Apple (NASDAQ:AAPL) has been extraordinarily successful in generating revenue growth out of stagnating unit sales over the past year, primarily thanks to the widely discussed price increases that the company has been implementing ever since introducing the iPhone X in 2017, which started at $999. The company's ability to grow overall iPhone revenue should be what matters most. Apple certainly agrees, which is why it will no longer report unit sales and will only disclose iPhone revenue going forward.
Still, investors continue to fret over the prospect of weak unit sales, even if they will no longer be privy to official unit sales data. As iPhone suppliers continue to post soft results -- including lens supplier Largan Precision today -- Apple investors can't help but worry about unit volumes.
Price increases compound the initial problem of longer upgrade cycles
Decelerating unit volumes continue to weigh on analyst sentiment. For example, this week New Street Research analyst Pierre Ferragu worried that "all [average selling price] gains of recent years could be lost in unit decline in the coming years." Apple has ramped up promotional activity in recent weeks, which Ferragu sees as evidence of weak demand. CFRA analyst Angelo Zino wrote in a research note this morning that the company "continues to try to push toward these higher-price devices, and we think that is continuing to cause a slowdown in the replacement cycle."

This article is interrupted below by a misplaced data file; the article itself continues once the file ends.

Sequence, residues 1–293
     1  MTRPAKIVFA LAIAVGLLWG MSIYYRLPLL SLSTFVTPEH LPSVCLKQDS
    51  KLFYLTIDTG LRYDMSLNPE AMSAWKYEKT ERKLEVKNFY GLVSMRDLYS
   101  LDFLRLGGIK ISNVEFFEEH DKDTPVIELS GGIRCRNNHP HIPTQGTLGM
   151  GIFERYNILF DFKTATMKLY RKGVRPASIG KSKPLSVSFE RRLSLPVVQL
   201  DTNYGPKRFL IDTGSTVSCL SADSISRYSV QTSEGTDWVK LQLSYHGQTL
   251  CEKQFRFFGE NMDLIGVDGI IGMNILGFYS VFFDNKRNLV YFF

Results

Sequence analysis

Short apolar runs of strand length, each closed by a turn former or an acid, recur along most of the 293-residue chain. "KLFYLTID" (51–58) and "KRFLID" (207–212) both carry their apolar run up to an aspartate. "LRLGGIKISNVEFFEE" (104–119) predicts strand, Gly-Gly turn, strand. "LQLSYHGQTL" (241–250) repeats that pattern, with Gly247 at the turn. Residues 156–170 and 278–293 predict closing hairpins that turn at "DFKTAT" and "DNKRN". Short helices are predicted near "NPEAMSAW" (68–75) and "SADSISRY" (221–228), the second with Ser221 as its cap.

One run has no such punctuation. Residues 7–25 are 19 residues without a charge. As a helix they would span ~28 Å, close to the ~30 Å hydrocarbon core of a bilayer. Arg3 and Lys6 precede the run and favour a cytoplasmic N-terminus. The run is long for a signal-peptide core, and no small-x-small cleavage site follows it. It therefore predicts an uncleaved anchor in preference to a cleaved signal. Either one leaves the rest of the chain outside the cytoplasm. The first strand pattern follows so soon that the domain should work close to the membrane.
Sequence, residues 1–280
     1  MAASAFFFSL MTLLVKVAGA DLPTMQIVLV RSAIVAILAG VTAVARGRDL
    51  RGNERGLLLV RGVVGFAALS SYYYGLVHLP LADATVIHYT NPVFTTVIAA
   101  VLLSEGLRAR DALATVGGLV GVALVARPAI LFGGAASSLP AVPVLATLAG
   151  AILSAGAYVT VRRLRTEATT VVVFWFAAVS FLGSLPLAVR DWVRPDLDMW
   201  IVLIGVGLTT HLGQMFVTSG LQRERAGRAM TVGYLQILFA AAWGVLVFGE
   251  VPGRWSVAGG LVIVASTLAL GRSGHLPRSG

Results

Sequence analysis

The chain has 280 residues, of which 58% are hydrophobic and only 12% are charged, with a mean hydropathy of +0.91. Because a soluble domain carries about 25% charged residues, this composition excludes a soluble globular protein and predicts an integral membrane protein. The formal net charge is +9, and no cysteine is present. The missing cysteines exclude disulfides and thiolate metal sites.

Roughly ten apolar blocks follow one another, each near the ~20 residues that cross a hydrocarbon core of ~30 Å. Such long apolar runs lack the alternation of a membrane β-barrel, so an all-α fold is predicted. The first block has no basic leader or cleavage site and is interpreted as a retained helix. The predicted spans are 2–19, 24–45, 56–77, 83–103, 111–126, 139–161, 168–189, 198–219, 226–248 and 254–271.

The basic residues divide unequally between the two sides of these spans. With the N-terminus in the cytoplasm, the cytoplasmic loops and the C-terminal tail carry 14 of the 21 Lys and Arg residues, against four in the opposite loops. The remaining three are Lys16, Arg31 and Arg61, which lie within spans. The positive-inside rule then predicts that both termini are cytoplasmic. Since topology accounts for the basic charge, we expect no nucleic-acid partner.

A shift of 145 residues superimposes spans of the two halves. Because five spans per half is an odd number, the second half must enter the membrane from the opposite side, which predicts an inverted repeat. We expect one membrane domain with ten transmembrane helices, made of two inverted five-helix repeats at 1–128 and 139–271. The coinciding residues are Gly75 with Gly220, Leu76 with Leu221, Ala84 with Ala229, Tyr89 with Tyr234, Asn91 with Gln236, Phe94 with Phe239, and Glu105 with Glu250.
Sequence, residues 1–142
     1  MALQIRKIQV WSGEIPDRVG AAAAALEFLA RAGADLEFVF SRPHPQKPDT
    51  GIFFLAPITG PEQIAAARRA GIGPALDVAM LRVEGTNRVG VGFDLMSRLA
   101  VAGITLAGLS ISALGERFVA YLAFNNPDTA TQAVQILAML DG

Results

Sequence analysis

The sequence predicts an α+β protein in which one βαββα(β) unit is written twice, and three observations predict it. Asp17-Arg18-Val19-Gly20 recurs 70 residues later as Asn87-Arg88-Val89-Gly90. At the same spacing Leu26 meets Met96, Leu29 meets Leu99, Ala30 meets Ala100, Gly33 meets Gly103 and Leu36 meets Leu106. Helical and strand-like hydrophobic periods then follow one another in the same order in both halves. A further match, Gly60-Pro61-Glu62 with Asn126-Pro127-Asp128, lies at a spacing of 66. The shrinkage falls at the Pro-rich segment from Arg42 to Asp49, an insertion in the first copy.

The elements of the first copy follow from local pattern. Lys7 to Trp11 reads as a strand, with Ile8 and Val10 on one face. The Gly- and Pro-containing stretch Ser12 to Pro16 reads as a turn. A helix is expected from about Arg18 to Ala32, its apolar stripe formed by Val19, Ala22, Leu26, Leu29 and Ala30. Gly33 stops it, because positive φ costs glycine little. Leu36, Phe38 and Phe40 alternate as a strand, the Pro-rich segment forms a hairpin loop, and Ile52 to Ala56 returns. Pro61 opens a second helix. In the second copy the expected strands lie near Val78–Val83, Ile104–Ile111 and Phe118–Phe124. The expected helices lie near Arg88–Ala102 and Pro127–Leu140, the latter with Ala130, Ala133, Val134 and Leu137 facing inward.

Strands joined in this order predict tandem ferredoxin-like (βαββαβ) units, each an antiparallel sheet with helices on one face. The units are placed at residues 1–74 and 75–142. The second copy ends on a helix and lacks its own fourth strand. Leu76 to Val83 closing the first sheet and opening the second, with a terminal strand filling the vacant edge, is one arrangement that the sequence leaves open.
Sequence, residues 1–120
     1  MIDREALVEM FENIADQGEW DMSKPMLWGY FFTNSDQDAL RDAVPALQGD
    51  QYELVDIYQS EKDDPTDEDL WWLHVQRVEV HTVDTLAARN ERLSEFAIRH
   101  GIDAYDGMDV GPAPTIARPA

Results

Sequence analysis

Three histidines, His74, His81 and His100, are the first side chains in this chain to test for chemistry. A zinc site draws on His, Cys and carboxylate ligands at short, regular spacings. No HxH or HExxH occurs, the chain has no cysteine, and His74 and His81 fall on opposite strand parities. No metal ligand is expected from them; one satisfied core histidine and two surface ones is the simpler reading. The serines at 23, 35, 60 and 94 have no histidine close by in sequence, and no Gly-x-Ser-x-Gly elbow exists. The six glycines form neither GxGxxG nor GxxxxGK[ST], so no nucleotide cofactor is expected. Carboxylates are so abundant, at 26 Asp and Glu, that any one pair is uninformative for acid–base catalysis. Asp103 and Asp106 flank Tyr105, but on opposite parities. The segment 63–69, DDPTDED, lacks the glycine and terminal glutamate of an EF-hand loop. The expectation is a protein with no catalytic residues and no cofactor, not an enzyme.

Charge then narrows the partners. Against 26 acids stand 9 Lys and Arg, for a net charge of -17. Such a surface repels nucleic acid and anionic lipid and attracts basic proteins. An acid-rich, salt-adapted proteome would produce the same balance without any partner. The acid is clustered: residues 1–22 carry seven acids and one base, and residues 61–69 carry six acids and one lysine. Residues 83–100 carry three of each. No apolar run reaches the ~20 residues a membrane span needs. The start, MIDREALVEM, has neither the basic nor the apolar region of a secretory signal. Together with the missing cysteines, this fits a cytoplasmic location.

Speaking of average selling price (ASP) gains, here's what Ferragu is referring to:
Smartphone upgrade cycles have been steadily getting longer over time. In 2012, the average upgrade cycle was 22 months, according to Recon Analytics. It reached 28 months near the tail end of 2015, hitting 29 months for the first half of 2016, according to Citigroup. By the end of 2017, we're talking about 32 months, according to NPD. Beyond third-party estimates, even carriers are now exploring 36-month installment plans, arguably the most direct evidence, as carriers have firsthand data on upgrade cycles.
Therein lies the great irony. My view has been that iPhone price increases are Apple's strategy of coping with longer upgrade cycles. Consider a customer that buys a $1,000 phone (like a base iPhone XS) and keeps it for two years compared to a customer that buys a $1,500 phone (like a fully loaded iPhone XS Max) and keeps it for three years. The annual revenue that Apple gets from that customer is the same. But by adopting this strategy of price increases as a way to offset longer upgrade cycles, the tech titan inadvertently encourages customers to keep those phones longer, too, further compounding the problem it was trying to initially address. The market will be at three-year upgrade cycles in no time.